Renaud Laplanche was two weeks into a planned year-long sabbatical in August 2006 and found himself with a little too much time on his hands.
Reduced to reading his credit card statement, he noticed that if he didn’t pay off what he owed by the end of the month, he would be charged 18.99% interest on the balance. But at the same bank that issued the card, he was getting just 0.4% interest on the money in his bank account.
“When you see such a big spread and you’re an entrepreneur, you start scratching your head and saying, ‘Okay, [is there] a better way?” he says.
That head-scratch was the catalyst for San Francisco-based Lending Club, a peer-to-peer lender that connects investors with people and small businesses that need money. Instead of following a banking model with high overhead, Laplanche’s vision was to create a marketplace where investors could lend money to creditworthy individuals and collect interest at rates that provided an attractive return.
Because the process would be streamlined, it would be less expensive to the borrower. He incorporated the business in October 2006 and launched Lending Club in June 2007–just months before the Great Recession.
“I’m not sure whether it was the worst possible time or the best possible time. There are arguments on both sides,” he says.
From the start, Lending Club faced two sizeable obstacles: finding investors in the midst of a financial crisis and creating a new business model in a heavily regulated sector. While attracting borrowers was relatively easy in a climate where it was increasingly difficult to obtain credit, attracting investors during the recession was tough, he says.
Laplanche worked his personal network and targeted investors who were comfortable with risky investments. He made “several different arrangements” with early investors to sweeten the opportunity. For example, someone who ponied up $200,000 or more was eligible for an equity stake in the company.
Early investors were either friends or friends of friends, but the word started to get out that Lending Club investments were paying off and more investors signed up. In spring 2009, Laplanche got his first $50,000 check from someone he didn’t know. That’s when he knew the business was gaining traction.
The other issue Lending Club faced was that it had to comply with strict financial regulations that were written for a different type of business. In addition to consumer protections such as the Truth in Lending Act, Fair Credit Reporting Act, and Fair Bank Collection Act, Lending Club had to operate in accordance with Securities and Exchange Commission (SEC) regulations. The problem was that there were no rules for this type of investment-based lending platform.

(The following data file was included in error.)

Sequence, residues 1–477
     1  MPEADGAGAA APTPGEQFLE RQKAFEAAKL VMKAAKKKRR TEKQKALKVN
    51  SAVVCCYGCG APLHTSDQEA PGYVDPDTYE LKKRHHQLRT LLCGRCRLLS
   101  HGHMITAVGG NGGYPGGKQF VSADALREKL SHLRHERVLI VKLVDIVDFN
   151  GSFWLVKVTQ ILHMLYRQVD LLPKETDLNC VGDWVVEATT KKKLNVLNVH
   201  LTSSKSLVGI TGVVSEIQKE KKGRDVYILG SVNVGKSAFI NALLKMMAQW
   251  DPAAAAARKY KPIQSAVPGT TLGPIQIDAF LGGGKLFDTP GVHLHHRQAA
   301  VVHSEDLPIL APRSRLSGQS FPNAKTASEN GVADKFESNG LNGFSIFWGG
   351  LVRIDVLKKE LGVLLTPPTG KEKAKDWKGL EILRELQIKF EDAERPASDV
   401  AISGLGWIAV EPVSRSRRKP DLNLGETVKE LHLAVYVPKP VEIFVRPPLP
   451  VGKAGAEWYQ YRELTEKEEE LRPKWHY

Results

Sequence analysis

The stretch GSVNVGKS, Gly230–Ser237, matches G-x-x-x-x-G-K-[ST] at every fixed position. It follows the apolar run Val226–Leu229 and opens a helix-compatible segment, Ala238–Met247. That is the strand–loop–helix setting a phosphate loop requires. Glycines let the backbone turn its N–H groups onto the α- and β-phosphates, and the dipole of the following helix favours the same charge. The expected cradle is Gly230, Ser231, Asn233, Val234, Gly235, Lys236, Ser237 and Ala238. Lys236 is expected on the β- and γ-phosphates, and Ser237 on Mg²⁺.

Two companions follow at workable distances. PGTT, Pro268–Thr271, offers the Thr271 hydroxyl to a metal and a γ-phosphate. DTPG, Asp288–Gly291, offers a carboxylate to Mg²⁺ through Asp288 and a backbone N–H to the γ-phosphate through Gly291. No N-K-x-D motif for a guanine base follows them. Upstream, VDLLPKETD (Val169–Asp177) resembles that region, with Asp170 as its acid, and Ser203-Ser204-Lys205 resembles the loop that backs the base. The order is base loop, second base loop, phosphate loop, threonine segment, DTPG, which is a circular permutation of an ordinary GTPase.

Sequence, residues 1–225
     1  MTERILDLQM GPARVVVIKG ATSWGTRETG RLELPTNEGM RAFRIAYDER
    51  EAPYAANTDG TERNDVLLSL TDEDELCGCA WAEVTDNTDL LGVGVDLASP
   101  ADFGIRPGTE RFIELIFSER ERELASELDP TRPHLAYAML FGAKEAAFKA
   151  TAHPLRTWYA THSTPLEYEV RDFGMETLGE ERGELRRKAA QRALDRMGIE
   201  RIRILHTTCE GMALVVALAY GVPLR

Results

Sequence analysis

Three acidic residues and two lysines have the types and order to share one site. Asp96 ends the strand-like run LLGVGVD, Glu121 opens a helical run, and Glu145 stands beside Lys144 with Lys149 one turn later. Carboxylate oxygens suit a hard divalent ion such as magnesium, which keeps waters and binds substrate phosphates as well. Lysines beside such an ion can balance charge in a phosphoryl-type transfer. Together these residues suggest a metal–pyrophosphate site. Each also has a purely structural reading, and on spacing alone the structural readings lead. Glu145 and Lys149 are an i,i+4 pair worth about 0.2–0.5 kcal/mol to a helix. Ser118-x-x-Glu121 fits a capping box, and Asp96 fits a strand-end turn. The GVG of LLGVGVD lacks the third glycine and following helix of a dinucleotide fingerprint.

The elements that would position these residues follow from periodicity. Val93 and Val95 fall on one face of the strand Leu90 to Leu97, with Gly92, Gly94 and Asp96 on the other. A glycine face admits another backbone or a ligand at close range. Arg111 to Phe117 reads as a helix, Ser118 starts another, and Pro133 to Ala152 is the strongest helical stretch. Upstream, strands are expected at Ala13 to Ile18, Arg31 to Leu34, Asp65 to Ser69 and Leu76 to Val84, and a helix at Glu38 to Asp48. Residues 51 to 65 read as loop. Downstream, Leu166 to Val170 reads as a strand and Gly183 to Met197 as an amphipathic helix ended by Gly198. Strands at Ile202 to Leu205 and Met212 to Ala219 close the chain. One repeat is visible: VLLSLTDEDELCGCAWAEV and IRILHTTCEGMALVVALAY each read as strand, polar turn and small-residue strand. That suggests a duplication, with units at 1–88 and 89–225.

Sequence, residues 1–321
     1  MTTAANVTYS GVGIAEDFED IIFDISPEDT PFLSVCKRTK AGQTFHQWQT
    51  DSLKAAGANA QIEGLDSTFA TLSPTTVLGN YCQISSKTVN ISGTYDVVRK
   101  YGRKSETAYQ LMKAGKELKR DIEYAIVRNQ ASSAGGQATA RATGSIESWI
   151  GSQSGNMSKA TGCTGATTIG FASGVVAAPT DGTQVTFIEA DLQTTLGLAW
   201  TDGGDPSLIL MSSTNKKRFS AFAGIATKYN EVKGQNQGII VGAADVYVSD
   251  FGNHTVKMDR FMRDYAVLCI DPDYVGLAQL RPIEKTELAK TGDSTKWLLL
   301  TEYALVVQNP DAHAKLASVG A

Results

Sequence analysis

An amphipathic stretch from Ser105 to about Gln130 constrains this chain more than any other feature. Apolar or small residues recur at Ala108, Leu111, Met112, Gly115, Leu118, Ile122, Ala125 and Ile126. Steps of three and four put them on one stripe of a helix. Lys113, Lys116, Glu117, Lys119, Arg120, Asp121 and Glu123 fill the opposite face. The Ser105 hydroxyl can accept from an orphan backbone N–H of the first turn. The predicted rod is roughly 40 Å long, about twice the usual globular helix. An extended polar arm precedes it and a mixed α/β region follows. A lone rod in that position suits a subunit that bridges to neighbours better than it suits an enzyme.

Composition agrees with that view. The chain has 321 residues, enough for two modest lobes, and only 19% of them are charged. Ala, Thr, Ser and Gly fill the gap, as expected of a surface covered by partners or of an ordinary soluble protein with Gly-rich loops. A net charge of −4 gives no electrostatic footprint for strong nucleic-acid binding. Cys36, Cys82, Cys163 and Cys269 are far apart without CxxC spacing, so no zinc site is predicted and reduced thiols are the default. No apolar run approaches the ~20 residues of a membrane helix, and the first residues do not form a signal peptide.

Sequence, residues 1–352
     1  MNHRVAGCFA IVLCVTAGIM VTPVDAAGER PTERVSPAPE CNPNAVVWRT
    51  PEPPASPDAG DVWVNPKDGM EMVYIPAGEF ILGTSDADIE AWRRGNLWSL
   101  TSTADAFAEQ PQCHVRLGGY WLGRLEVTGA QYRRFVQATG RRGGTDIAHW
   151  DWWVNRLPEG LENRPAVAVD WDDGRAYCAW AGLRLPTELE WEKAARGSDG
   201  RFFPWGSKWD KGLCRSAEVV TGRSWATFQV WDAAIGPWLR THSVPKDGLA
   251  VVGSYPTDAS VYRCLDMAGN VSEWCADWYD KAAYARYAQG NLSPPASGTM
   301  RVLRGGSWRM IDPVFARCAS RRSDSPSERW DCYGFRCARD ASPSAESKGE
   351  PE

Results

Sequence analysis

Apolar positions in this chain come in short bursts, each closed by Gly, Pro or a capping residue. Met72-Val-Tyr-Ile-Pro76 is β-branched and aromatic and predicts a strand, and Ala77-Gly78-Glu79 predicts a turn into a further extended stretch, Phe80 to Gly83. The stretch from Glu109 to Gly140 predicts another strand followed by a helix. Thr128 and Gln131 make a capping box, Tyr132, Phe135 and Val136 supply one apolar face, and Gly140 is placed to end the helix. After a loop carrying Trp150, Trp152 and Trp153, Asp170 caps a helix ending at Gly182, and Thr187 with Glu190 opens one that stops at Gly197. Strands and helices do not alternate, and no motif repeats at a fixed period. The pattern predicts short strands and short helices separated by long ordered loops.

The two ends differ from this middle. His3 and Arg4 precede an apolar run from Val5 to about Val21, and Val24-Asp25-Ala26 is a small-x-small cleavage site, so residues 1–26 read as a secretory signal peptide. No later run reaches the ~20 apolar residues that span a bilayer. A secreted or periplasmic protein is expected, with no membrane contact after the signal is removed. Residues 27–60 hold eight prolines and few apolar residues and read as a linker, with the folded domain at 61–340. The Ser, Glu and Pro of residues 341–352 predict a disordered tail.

The Lending Club team was actively involved in working with regulators to create an appropriate framework. Based on SEC regulations at the time, Lending Club borrowers would have to produce audited financial statements–something that would be prohibitive for someone who just wanted a $5,000 or $10,000 loan.
Laplanche says SEC regulators were very open to finding solutions. Ultimately, they allowed Lending Club to become the issuer of the securities, taking on the burden of producing audited financial statements, while allowing investors the right to receive payments from consumers. Currently, only residents of 26 states are permitted to invest directly in the Lending Club platform.
Since facilitating its first loan in June 2007, Lending Club has more than doubled annual loan volume each year, with more than $4 billion in loans funded through the platform. The company has grown at a pace of more than $750 million per quarter, and Lending Club says it saves borrowers an average of 29% compared to typical bank interest rates.
Laplanche says that today, the solid returns have actually attracted banks as investors. He says it’s possible to have a loan funded completely or in part by a bank at a lower interest rate than if you had borrowed from the bank itself.
Bottom Line: Laplanche launched a capital-intensive business during a severe recession in a sector where the regulations need to be rewritten to accommodate his business model. Even though the obstacles seemed overwhelming, he struck deals to get investors and reached out to regulators directly to work toward fair governance for his fledgling business model.
“We really believe that we can really help transform the entire banking system. We think we can make it more efficient, more transparent, more consumer-friendly, and really make credit more affordable for consumers and businesses,” he says.